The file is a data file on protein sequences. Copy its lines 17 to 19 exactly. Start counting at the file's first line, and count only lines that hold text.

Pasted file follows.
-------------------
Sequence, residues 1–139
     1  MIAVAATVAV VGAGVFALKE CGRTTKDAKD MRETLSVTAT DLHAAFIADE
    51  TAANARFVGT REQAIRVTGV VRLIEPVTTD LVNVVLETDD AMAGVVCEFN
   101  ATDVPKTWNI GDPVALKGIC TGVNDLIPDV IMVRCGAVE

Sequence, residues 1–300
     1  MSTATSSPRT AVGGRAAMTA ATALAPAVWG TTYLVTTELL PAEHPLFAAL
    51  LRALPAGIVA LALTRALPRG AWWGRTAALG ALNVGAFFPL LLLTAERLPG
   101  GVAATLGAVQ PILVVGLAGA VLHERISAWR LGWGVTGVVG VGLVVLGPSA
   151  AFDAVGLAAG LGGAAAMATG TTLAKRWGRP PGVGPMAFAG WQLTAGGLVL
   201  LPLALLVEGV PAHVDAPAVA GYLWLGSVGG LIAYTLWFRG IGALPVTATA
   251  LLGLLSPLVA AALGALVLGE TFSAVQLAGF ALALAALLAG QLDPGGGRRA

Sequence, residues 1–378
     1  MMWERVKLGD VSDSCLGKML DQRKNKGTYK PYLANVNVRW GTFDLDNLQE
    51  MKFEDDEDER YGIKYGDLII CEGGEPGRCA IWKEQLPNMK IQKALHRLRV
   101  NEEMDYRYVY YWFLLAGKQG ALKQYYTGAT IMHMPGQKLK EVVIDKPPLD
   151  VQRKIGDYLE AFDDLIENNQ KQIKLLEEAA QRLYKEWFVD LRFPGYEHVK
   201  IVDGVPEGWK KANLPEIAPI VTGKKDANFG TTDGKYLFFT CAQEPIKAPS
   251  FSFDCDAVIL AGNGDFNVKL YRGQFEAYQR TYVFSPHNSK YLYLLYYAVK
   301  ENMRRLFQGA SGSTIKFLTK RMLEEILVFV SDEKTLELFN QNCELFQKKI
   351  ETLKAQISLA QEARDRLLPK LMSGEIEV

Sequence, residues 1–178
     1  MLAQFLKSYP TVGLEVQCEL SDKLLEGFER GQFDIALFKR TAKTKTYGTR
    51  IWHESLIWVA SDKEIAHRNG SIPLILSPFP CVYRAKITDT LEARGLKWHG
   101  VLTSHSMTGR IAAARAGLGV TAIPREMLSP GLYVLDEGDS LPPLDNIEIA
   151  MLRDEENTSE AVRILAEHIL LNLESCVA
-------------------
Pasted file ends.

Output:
   201  IVDGVPEGWK KANLPEIAPI VTGKKDANFG TTDGKYLFFT CAQEPIKAPS
   251  FSFDCDAVIL AGNGDFNVKL YRGQFEAYQR TYVFSPHNSK YLYLLYYAVK
   301  ENMRRLFQGA SGSTIKFLTK RMLEEILVFV SDEKTLELFN QNCELFQKKI